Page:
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School officials respond after independent investigation finds evidence of racism at Bangor High School

The final report is not available to the public but school officials held a press conference with reporters Wednesday.

BANGOR, Maine — Bangor school officials held a press conference Wednesday to address the findings of a months-long investigation into claims of racism made by students at Bangor High School.

The investigation began after five students shared their experiences with racism at the school with the Bangor Daily News in June. The school district launched an internal investigation into the reports, created a Title IX and Affirmative Action Coordinator position, and began diversity training for students and staff.

Interim Superintendent Kathy Harris-Smedberg said that while the months-long investigation is complete, the school board will not release the findings until those who filed complaints with the investigator see them.

“It was never our intention not to release it, it was always our intention to share it," she said. "But again, I want to reinforce we were trying to reinforce the complainant's view."

Although the findings are not yet public, the Bangor Daily News obtained a portion of the report. According to the BDN, Portland lawyer Krystal Williams led the investigation and found evidence of white students saying the N-word to Black students, of that slur being used in class discussions, and of teachers confusing the identities of the Black students in the school.

Principal Paul Butler said hate speech or hate symbols are not accepted or acceptable at Bangor High School, and said the investigation's findings will be used to make the school a safer place for all students and staff.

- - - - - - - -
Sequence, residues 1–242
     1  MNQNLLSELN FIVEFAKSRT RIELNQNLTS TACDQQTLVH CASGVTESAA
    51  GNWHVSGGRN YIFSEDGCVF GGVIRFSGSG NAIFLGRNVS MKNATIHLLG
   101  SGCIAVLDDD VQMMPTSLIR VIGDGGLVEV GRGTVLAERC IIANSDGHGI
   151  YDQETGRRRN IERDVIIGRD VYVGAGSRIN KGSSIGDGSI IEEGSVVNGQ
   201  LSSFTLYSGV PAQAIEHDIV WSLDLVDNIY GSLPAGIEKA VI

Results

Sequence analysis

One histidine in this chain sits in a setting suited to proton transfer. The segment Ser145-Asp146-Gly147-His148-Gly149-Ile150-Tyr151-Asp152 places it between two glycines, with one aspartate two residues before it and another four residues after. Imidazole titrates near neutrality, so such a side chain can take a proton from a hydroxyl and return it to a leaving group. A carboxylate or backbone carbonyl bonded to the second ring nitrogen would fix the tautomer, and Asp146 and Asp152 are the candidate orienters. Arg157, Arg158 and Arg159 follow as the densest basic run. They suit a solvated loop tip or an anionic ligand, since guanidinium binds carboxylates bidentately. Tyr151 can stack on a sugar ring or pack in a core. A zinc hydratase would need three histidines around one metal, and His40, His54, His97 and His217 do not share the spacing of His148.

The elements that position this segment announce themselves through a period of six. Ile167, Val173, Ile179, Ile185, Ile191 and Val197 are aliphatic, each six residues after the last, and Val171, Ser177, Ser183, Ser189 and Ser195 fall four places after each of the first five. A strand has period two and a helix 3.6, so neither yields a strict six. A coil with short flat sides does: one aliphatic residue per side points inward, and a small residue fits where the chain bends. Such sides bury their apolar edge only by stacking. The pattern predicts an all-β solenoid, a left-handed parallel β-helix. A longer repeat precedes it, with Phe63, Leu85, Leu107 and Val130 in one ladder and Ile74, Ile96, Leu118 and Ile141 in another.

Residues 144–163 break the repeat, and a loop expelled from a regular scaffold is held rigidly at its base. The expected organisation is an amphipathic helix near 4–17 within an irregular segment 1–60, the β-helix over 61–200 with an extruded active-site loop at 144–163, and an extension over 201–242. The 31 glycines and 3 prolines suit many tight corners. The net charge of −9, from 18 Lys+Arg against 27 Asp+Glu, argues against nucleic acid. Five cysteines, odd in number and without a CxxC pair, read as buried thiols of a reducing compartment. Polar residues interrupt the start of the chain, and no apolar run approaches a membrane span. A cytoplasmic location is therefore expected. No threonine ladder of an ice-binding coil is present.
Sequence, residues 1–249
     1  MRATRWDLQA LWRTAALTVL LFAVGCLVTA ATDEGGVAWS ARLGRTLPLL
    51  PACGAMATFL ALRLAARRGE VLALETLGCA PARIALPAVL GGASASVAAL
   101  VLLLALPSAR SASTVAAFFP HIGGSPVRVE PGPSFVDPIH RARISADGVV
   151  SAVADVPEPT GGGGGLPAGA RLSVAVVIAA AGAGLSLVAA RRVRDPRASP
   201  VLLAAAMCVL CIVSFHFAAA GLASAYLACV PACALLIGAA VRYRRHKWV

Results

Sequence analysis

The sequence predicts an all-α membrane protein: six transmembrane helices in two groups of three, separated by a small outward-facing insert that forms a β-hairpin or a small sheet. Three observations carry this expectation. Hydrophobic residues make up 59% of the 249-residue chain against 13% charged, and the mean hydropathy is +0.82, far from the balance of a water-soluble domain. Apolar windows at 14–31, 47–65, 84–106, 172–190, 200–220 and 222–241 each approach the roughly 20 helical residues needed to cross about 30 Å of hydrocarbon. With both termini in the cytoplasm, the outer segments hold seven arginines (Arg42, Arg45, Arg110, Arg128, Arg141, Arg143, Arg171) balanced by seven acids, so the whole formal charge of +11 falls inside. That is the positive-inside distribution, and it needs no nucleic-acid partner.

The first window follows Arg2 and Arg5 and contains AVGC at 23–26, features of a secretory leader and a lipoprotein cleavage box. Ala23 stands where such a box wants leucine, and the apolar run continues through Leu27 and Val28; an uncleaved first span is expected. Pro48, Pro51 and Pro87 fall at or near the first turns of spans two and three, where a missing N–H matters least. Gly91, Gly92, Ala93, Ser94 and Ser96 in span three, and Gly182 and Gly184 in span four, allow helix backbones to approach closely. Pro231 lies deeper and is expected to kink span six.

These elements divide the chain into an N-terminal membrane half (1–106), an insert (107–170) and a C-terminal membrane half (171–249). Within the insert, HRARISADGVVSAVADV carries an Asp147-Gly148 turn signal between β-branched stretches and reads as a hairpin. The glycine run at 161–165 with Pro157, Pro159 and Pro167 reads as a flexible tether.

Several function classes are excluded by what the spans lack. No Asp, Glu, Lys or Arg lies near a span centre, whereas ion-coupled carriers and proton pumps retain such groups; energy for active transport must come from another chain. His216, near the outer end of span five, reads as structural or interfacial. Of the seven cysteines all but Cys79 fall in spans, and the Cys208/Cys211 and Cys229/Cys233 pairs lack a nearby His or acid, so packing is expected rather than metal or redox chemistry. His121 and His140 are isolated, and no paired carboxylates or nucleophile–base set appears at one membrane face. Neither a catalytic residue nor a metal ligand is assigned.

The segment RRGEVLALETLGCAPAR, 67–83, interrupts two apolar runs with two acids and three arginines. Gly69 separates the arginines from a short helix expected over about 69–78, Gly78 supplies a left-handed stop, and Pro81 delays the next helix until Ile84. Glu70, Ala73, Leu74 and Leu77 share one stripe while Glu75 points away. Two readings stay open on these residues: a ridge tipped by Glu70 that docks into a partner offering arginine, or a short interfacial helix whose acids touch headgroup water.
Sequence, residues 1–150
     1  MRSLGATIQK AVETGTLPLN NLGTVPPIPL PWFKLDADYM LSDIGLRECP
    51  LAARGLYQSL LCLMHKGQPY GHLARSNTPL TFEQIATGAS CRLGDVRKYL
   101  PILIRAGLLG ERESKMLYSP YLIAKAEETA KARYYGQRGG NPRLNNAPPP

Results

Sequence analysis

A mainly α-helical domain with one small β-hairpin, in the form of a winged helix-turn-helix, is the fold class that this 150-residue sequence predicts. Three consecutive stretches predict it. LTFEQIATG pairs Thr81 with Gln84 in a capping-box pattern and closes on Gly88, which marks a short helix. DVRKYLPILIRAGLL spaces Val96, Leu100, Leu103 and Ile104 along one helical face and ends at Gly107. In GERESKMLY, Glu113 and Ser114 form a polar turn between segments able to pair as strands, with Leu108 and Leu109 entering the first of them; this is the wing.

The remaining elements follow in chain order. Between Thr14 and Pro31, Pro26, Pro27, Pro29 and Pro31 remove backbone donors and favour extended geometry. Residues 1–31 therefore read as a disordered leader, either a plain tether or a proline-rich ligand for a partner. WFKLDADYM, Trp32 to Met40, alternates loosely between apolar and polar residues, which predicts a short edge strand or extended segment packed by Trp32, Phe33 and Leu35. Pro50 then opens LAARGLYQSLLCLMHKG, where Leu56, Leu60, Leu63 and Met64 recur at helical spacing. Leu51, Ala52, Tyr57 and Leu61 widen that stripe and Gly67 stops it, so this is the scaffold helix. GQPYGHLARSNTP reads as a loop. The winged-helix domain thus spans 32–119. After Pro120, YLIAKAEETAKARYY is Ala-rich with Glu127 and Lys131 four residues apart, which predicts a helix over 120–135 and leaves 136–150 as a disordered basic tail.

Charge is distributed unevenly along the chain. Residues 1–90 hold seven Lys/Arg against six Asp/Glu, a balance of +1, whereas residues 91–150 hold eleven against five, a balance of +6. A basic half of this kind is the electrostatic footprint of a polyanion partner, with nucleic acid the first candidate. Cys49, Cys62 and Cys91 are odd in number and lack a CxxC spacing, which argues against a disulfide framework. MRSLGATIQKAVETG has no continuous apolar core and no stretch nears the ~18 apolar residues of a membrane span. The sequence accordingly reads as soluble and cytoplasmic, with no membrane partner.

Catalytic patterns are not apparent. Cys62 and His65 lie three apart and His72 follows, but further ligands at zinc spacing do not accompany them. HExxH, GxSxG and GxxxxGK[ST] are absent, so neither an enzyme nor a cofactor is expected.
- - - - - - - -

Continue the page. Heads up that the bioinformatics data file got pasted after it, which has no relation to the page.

“We need to know that every kid can see themselves in the curriculum and that every student has the opportunity to extend their day and create a sense of belonging with their peers," he said.

Credit: NCM

Butler said the report showed evidence of his staff reacting and responding to all claims in an appropriate matter, but added, "There is consistent evidence that we need to double down on our reporting thresholds and out communication, closing the loop on things."

He said the students who made the reports should understand that they were heard and that if a consequence was necessary, it was delivered.

Dana Carver-Bialer, the school department's Title IX and Affirmative Action Coordinator, told reporters, "We will do better, we can do better, and we continue to work really hard to do right by our students and do right by this community."

Credit: NCM

She said the school department will work to update its curriculum and its diversity and inclusion training, both of which began this fall. Carver-Bialer said the work will require the help of the community.

"(We want to bring) the right people to the table, making sure there are seats at the table for as many folks as possible who can share and lend their expertise to the department," she said.

Harris-Smedberg said the investigation has cost the district thousands of dollars, but she won't know the total cost until after the final payment is made to the investigator this month. 

A school official told NEWS CENTER Maine that the final report will be posted on the school department's website and social media pages when all students involved in the investigation confirm they have received the report.